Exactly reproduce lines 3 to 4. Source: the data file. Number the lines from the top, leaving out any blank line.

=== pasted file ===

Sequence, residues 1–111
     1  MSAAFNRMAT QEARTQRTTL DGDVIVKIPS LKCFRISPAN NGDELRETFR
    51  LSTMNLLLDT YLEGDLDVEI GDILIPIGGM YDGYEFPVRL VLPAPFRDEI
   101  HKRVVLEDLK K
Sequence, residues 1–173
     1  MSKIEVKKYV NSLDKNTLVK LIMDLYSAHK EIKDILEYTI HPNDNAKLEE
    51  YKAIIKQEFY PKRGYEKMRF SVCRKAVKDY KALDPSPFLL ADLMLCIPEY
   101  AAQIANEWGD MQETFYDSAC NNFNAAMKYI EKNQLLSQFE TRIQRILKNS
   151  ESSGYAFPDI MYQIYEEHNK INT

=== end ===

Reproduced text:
    51  LSTMNLLLDT YLEGDLDVEI GDILIPIGGM YDGYEFPVRL VLPAPFRDEI
   101  HKRVVLEDLK K